You are querying for the principal in the relationship (
Entity2), not the dependent (
Entity1). This means that the foreign key is in table
Entity1 and the generated SQL query isn't just a query for a column value in table
Entity2. In order to get the desired result the SQL query must join (by
LEFT OUTER JOIN) the two tables.
If it were a one-to-many relationship your query is like: "Fetch all orders that have no order items." This can't be achieved by inspecting the
Order table alone, because the foreign key is in table
OrderItem and the query must join the two tables. Indeed in this example the query's performance could be improved by indexing the foreign key column in table
Unfortunely in your example you can't improve your query by indexing a column anymore because you have a one-to-one relationship (not one-to-many). Since EF's one-to-one relationships are always shared primary key associations the foreign key in table
Entity1 is its primary key
Id at the same time.
That means that your foreign key column is already indexed - namely by the clustered primary key index in table
The generated SQL query is like so:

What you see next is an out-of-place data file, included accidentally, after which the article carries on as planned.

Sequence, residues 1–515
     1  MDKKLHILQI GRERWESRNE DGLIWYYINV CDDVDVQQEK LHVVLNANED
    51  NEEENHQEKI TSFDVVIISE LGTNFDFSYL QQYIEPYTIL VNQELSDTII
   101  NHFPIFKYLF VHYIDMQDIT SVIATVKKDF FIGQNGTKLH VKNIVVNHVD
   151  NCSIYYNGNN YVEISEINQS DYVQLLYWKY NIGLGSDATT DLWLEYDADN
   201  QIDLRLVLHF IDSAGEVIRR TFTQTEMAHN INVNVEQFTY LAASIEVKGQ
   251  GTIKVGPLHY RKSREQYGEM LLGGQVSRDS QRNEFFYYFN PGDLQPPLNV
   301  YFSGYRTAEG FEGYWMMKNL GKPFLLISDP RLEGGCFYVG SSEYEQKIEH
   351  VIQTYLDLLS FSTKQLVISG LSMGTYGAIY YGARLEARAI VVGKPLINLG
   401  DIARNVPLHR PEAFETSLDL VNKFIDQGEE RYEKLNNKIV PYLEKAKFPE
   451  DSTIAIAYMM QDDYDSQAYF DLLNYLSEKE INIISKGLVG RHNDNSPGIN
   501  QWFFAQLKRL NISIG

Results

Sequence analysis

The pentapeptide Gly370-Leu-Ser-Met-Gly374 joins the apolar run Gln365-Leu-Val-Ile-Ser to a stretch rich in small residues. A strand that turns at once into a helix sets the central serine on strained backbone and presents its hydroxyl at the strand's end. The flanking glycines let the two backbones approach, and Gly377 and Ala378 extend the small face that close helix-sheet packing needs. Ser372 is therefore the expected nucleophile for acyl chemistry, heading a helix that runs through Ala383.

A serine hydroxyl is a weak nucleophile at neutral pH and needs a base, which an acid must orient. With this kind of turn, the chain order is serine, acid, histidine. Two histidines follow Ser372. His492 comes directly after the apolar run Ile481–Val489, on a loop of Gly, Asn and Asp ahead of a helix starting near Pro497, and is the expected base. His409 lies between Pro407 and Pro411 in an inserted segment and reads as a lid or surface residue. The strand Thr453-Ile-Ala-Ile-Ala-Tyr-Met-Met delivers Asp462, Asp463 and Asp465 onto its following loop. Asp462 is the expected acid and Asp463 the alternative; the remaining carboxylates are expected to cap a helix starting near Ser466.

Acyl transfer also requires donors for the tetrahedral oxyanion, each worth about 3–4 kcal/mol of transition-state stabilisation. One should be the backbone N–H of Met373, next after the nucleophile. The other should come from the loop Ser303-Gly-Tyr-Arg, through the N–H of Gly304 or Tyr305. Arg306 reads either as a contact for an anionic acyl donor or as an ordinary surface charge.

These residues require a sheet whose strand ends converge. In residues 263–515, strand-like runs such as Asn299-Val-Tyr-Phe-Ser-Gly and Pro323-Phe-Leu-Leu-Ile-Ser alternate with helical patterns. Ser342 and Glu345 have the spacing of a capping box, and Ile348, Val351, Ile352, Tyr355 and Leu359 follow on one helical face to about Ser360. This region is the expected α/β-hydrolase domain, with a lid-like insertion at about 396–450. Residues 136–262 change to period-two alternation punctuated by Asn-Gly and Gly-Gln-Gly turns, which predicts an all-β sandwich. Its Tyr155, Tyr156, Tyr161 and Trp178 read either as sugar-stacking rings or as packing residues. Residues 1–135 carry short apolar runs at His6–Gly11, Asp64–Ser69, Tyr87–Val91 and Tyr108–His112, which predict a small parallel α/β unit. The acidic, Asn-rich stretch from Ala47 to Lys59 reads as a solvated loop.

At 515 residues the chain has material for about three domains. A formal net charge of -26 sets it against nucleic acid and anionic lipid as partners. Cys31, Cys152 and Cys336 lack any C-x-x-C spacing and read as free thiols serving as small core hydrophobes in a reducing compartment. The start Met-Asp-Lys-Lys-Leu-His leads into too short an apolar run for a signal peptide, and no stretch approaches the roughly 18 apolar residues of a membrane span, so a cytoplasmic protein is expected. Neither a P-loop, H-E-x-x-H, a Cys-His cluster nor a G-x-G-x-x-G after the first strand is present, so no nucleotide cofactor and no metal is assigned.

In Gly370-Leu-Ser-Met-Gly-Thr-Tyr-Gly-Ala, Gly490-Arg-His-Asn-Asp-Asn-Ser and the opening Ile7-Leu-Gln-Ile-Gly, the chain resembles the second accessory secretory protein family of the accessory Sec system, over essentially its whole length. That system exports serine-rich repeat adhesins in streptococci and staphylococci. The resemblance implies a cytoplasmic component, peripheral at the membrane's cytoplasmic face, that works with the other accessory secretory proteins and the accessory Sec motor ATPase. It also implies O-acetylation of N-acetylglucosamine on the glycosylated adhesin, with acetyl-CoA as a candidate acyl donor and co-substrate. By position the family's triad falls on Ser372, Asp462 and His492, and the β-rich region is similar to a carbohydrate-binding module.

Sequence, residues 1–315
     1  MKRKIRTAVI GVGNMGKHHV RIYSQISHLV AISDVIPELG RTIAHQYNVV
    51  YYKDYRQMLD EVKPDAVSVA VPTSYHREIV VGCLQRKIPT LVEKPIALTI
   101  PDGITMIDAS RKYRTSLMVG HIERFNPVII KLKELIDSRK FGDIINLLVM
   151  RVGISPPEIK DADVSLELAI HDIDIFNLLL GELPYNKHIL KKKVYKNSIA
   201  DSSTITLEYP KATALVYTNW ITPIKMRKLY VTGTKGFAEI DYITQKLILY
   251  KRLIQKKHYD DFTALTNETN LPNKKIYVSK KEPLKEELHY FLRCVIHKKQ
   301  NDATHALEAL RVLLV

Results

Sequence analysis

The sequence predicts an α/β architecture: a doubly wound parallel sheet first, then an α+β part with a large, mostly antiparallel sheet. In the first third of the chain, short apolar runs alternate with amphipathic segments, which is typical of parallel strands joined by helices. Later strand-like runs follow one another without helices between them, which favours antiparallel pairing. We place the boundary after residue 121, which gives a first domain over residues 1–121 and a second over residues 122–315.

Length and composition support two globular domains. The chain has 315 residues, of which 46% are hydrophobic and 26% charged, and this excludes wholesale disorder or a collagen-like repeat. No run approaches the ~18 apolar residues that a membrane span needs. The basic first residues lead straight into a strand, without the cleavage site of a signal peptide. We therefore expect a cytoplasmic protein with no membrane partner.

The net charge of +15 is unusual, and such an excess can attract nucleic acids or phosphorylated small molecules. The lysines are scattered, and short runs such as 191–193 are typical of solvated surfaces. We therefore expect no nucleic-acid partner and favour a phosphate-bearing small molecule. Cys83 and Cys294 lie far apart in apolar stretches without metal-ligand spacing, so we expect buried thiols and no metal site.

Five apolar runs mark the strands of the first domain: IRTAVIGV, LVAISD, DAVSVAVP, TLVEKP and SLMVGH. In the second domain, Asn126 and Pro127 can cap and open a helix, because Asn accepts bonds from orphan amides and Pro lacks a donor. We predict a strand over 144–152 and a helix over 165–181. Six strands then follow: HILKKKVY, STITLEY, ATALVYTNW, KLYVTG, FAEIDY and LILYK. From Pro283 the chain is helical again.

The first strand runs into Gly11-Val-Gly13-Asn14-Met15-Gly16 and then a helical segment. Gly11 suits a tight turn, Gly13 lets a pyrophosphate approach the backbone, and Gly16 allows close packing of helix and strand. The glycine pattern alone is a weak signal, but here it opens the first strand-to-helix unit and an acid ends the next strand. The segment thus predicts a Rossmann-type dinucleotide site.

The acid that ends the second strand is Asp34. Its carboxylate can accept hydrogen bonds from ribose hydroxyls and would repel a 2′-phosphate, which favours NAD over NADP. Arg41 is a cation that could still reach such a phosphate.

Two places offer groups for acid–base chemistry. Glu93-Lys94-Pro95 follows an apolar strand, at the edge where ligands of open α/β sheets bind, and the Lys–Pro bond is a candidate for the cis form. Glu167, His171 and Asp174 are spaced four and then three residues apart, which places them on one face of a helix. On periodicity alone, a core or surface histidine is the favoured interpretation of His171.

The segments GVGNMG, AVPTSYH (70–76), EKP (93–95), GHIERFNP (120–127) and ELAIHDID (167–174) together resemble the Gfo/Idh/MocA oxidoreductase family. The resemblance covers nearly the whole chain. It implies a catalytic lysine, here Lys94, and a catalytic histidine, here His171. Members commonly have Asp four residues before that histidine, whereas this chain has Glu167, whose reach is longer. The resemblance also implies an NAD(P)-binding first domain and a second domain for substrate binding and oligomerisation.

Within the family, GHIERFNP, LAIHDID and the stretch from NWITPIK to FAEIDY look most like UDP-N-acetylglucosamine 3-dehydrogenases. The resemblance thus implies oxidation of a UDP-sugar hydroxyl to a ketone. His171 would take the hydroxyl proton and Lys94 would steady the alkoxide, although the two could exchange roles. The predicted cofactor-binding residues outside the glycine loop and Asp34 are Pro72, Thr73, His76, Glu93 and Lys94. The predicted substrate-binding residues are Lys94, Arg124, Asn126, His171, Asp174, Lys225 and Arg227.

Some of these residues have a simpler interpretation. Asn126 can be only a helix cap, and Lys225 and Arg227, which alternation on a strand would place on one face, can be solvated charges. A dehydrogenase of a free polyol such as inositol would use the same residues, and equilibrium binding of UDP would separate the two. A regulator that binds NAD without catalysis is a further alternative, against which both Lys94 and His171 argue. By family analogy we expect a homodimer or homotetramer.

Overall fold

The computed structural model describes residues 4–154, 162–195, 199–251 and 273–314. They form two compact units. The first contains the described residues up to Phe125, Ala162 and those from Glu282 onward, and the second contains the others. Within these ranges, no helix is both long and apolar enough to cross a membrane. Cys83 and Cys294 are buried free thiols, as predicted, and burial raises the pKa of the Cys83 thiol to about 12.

[Extent1].[Id] AS [Id],
[Extent1].[OtherColumn] AS [OtherColumn]
FROM [dbo].[Entity2] AS [Extent1]
LEFT OUTER JOIN [dbo].[Entity1] AS [Extent2] ON [Extent1].[Id] = [Extent2].[Id]
LEFT OUTER JOIN [dbo].[Entity1] AS [Extent3] ON [Extent2].[Id] = [Extent3].[Id]
WHERE [Extent3].[Id] IS NULL
As you can see the tables are joined by the indexed
Id columns. The second and redundant
LEFT OUTER JOIN is a flaw in Entity Framework's SQL generation that was in effect for EF < 5.0. I am not sure if it is solved in EF >= 5.0. I don't know if it really matters for the query performance because the line joins the table with itself by the same column, so I'd hope the SQL query optimizer will recognize it and ignore the line in the execution plan.
In essence: Your LINQ query is fine and you can't improve the performance, even not by adding any additional index to a column.
However, what I would suggest is to find out what is really slow. Is it indeed the SQL query, or is it translation from the LINQ query to SQL, or is it perhaps object materialization of the returned result set, etc.? The first step I would do is pasting the generated SQL query into SQL Server Management Studio and see how the performance is there. Even though you would not change the LINQ query there might be other opportunities to improve the performance.